7. Department of Defense, Trusted Computer System Evaluation Criteria (Orange Book), DoD 5200.28-STD (1983, 1985)

    Google Scholar 

  8. Philip Myers, Subversion: The Neglected Aspect of Computer Security, Master Thesis. Naval Postgraduate School, Monterey, CA93940 (June 1980)

    Google Scholar 

  9. Peter G. Neumann, L. Robinson, Karl N. Levitt, R. S. Boyer, and A. R. Saxena, A Provably Secure Operating System, M79-225, Stanford Research Institute, Menlo Park, CA94025 (June 1975)

    Google Scholar 

  10. Grace H. Nibaldi, Proposed Technical Evaluation Criteria for Trusted Computer Systems, M79-225, The Mitre Corporation, Bedford, MA01730 (Oct. 1979)

    Google Scholar 

  11. G. Vernam, “The Vernam Cipher” US Patent No 1,310,719

    Google Scholar 

  12. C. E. Shannon “A Mathematical Theory of Cryptography” Technical Report 45-110-92, Bell Laboratories, 1945.

    Google Scholar 

  13. C. E. Shannon “Communication Theory of Secrecy Systems”, Bell Systems Tech. Jr. Vol 28, pages 656–715, 1949

    MathSciNet  Google Scholar 

  14. R. Canetti, U. Feige, O. Goldreich and M. Naor “Adaptively Secure Computation”, 28th STOC, 1996

    Google Scholar 

  15. R. Canetti, R. Gennaro, “Incoercible Multiparty Computation”, FOCS’96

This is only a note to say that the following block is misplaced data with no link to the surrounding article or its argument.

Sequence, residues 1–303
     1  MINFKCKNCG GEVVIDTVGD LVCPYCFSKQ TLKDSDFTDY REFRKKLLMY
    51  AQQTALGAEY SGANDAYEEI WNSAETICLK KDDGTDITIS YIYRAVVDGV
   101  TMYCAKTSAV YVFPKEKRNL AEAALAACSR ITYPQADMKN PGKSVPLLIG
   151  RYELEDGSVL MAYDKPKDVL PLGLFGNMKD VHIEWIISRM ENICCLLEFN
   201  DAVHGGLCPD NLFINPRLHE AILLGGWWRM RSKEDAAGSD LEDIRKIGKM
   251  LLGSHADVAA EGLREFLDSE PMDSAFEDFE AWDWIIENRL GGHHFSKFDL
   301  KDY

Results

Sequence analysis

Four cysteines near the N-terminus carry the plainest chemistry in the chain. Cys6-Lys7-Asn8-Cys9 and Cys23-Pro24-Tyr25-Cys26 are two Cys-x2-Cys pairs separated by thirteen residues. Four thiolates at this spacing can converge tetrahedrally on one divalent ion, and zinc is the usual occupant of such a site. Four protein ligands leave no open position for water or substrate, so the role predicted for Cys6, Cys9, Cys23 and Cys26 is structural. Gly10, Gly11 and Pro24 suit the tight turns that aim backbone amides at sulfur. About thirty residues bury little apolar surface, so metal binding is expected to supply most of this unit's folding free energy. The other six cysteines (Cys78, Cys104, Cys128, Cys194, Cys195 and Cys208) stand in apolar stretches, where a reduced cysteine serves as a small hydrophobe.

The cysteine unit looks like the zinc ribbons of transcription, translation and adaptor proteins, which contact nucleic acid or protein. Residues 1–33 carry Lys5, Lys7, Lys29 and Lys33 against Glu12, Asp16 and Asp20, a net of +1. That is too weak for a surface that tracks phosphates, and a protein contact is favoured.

Google Scholar 

  16. D. Beaver: “Plausible Deniability (extended abstract)”; Pragocrypt’ 96 Proceedings, 1996

    Google Scholar 

  17. G. Davida “Ciphertext Transformations and Deniability” 1997 Information Security Workshop Ishikawa High-Tech Conference Center Japan Advanced Institute of Science and Technology

    Google Scholar 

  18. M Roe “Cryptography and Evidence” Doctoral Dissertation, Univ of Cambridge, UK, 1997

    Google Scholar 

  19. Ran Canetti, Cynthia Dwork, Moni Naor, Rafail Ostrovsky “Deniable Encryption” Crypto’97

    Google Scholar 

  20. Alfred J. Menezes, Paul C. van Oorschot, and Scott A. Vanstone “Handbook of Applied Cryptography” CRC Press 1997

    Google Scholar 

  21. J. Kelsey, B. Schneier, D. Wagner, and C. Hall, “Cryptanalytic attacks on pseudorandom number generators”, Fast Software Encryption, Fifth International Proceedings, pp. 168–188, Springer-Verlag, 1988.

    Google Scholar 

  22. D. Hoover, B. Kausik “Software Smart Cards via Cryptographic Camouflage” Proceedings of the 1999 IEEE Symposium on Security and Privacy

    Google Scholar 

Download references

Author information

Authors and Affiliations

Authors

Editor information

Editors and Affiliations

Rights and permissions

Reprints and Permissions

Copyright information

© 2001 Springer-Verlag Berlin Heidelberg

About this paper

Cite this paper

Samid, G. (2001). Re-dividing Complexity between Algorithms and Keys. In: Rangan, C.P., Ding, C. (eds) Progress in Cryptology — INDOCRYPT 2001. INDOCRYPT 2001. Lecture Notes in Computer Science, vol 2247. Springer, Berlin, Heidelberg. https://doi.org/10.1007/3-540-45311-3_31

Download citation

  • DOI: https://doi.org/10.1007/3-540-45311-3_31

  • Published:

  • Publisher Name: Springer, Berlin, Heidelberg

  • Print ISBN: 978-3-540-43010-0

  • Online ISBN: 978-3-540-45311-6

  • eBook Packages: Springer Book Archive